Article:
As she arrived at the police station in Johor Baru in October 2009, Saphiah Mohd Elah spotted the unmistakable sight of her son Mohd Afham Afrin's motorcycle - covered in blood.
“The police made me wait for hours (at the station). I saw his motorcycle outside the station. It was covered with blood. I asked (the police) ‘Is Afham alive or dead?’ They said he was okay. They lied.”
Her harrowing account appears in a 102-page report entitled ‘No Answers, No Apology: Police Abuses and Accountability in Malaysia’ released this morning in Kuala Lumpur by the New York-based Human Rights Watch (HRW).
Hours before that, on the night of Oct 19, Afham, 20 and his friend Mohd Firdaus Marsani were shot at by plainclothes police personnel.
Firdaus is quoted in the HRW report as saying that they were stopped by men who did not identify themselves as police.
Fearing they were going to be robbed, Afham, who was the rider, sped off only to be shot at. Firdaus said he fell off the bike and ran into the jungle.
He found his way home three hours later, and later lodged a police report upon reading media reports quoting police claiming that the duo were snatch thieves and had been wielding a parang and sword.
Firdaus was never charged with any offence, while Afham's family's civil suit against the police is pending in court.
From extra-judicial killings of teenagers to custodial deaths, threats to lawyers and assaults on journalists covering demonstrations, the report gives chilling and bloody first-person accounts of police abuse and misconduct.
Police version of incidents
Besides information gleaned from victims and their families, the report includes excerpts from interviews from 75 individuals including police officers and representatives of oversight bodies.
“While police shootings may sometimes be lawful, reported incidents of police shootings show a pattern in which police justify shootings by asserting the suspect had a parang ... or (had) failed to stop at a roadblock or after a car chase,” it reads.
“In some cases, the police also attempt to justify their use of lethal force by alleging that the suspect was a criminal associated with ongoing police investigation.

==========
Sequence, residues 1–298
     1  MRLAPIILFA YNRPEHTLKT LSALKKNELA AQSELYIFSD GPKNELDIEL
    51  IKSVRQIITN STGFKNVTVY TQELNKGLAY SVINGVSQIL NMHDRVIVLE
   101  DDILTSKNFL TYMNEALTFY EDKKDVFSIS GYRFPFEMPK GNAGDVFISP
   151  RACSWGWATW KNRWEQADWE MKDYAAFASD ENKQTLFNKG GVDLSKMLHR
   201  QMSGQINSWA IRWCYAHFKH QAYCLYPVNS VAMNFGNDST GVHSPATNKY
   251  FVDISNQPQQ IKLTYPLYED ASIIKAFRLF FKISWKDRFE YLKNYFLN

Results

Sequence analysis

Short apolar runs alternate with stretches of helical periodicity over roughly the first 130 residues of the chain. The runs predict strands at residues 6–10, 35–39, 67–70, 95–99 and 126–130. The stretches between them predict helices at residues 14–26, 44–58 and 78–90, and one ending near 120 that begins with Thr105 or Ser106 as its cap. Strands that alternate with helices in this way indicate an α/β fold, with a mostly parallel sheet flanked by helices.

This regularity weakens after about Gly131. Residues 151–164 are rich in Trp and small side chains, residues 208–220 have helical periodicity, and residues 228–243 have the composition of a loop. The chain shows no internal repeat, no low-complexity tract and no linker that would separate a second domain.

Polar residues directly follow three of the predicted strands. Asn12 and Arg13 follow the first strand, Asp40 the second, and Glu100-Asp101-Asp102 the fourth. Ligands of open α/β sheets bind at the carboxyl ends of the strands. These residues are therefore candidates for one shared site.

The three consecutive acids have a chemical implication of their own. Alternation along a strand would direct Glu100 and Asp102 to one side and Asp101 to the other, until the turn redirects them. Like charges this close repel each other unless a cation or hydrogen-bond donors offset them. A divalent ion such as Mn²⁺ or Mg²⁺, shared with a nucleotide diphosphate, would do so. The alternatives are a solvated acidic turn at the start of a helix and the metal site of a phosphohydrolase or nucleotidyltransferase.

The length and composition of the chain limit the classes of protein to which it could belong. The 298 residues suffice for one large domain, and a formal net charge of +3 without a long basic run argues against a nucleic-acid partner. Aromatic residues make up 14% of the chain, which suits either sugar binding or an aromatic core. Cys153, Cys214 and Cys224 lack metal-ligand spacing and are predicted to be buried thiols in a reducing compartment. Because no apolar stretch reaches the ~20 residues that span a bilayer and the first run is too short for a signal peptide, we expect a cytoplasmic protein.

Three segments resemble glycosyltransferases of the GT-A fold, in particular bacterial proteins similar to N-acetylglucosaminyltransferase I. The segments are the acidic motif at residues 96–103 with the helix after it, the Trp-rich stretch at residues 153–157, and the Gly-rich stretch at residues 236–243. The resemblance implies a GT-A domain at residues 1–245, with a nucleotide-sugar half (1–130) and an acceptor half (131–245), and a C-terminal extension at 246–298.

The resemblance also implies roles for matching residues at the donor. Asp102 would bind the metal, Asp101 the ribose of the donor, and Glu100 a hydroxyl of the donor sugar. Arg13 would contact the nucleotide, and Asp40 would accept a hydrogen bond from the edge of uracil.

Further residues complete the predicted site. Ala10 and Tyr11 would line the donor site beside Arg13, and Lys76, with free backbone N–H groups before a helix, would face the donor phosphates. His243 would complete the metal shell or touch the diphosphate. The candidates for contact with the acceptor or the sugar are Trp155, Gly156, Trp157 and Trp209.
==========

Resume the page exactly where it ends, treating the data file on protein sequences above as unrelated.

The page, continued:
“Wholly absent from police narratives is any attempt to demonstrate that lethal use of force was the only available option to save lives at imminent risk.”
In many cases, it says, the police version of events appears “completely at odds” with the accounts of witnesses and victims who say the victims were unarmed or did not pose any threat.
Despite accusations of criminality, those who survived shootings were often not charged with any crime, says the report, quoting police personnel, lawyers, victims and officers of oversight bodies.
Inquests, despite being mandatory according to the law for police killings, are also rare and only take place if there is public outcry and pressure.
Similarly, police personnel are rarely prosecuted for extra-judicial killings or custodial deaths.
“The filing of murder charges against the police officers in the (N) Dhamendran case counts as a significant exception to the common practice of police delay and cover-up in death-in-custody cases,” says the report.
Police initially said Dhamendran had died of breathing difficulties but the post-mortem showed he has suffered blunt force trauma. Staple marks were found on his ears and ankle.
Little justice for victims
HRW also notes that, despite widespread public condemnation, allegations of such abuse and misconduct are still being investigated by the police themselves, compounding conflict of interest.
“The (Criminal Investigation Department) conducts an investigation and if, for example, the use of weapon is not according to the IGP Standing Orders then (the) case is referred to the disciplinary authority of the (Attorney-General’s Chambers),” Inspector-General of Police Khalid Abu Bakar (left) is quoted as saying.
Between January 2005 and May 2012, the HRW reports, the CID opened 4,334 files against police personnel but only about a third were referred to the AG's Chambers for prosecution.
About a quarter of the investigation papers led to prosecution, but the rest were not prosecuted due to ‘lack of evidence’ and 68 percent of the cases were pending investigation as at May last year. Some files were opened in 2005.
“Malaysian police evidently believe that their at times outrageous public statements on shooting deaths won’t be subject to competing evidence and accounts in the media,” HRW deputy Asia director Phil Robertson said.
“And so far, sadly, victims have little recourse because police investigate themselves, ignore external oversight requests and manipulate the system.”
HRW notes that numerous cases have been dismissed using a legal precedent which requires the individual who committed the misconduct to be identified.
“Victims of police abuse, such as indiscriminate shooting or excessive use of force during demonstrations, told (HRW) about the difficulties they face in identifying members of the riot police who have attacked or shot at them.
“For instance, during the two Bersih rallies in 2011 and 2012, riot police were not wearing name tags or identification numbers on their uniforms.”
Robertson said that the first step in fixing this is to set up an independent oversight body which has enough resources and teeth to compel action against police abuse.
Until then, he said, “distrust” will continue to pollute the relationship between police and the public.